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Social Mouse Aggression

August 4, 2017

A social upbringing can offset the activity of a mouse’s attack circuit.

Transcript

BOB HIRSHON (host):

Calming the savage mouse. I’m Bob Hirshon and this is Science Update.

Take healthy male mice raised alone and activate the attack center of their brains’ hypothalamus, and they turn into enraged fighting machines.

NIRAO SHAH (Stanford University):

So they will attack males more violently, they will also attack females, which they normally never do…

HIRSHON:

That’s Stanford University neurobiologist Nirao Shah.

SHAH:

They even attack if you castrate them, so there’s no circulating sex hormones anymore.

HIRSHON:

Now, he and his colleagues report in the journal Neuron that if those mice are raised with other mice, in social environments, they respond differently. Put one of them in another male’s cage, activate its attack neurons and… nothing happens. Shah says he was astounded that social conditions could calm such a powerful biological impulse. Since humans have analogous brain regions, Shah says the work could inform research into human aggression. I’m Bob Hirshon, for AAAS, the science society.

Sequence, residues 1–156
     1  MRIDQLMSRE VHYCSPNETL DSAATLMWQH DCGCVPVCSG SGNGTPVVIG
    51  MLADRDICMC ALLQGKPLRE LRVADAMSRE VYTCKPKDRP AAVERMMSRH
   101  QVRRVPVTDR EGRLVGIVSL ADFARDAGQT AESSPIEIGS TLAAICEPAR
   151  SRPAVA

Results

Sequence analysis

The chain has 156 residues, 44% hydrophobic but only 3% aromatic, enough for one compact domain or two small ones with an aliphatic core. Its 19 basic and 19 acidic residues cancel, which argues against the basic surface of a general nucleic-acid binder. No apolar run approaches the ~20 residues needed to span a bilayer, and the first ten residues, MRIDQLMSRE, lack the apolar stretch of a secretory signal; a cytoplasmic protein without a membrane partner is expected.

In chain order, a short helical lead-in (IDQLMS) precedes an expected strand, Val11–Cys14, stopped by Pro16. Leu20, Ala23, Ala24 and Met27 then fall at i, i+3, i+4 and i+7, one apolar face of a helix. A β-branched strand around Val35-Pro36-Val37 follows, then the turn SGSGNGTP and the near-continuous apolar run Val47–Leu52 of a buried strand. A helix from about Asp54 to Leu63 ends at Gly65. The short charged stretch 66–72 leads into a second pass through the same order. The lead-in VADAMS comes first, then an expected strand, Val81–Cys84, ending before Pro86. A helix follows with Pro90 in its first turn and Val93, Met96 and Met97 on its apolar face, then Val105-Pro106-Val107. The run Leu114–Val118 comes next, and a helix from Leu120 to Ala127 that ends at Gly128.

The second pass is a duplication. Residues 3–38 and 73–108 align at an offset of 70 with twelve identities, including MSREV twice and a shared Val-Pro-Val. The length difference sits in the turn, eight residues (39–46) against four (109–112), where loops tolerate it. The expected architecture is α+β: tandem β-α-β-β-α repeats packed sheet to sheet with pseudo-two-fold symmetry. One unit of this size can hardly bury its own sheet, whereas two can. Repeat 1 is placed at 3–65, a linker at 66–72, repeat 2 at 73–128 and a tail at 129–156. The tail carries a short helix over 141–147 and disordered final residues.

Story by Bob Hirshon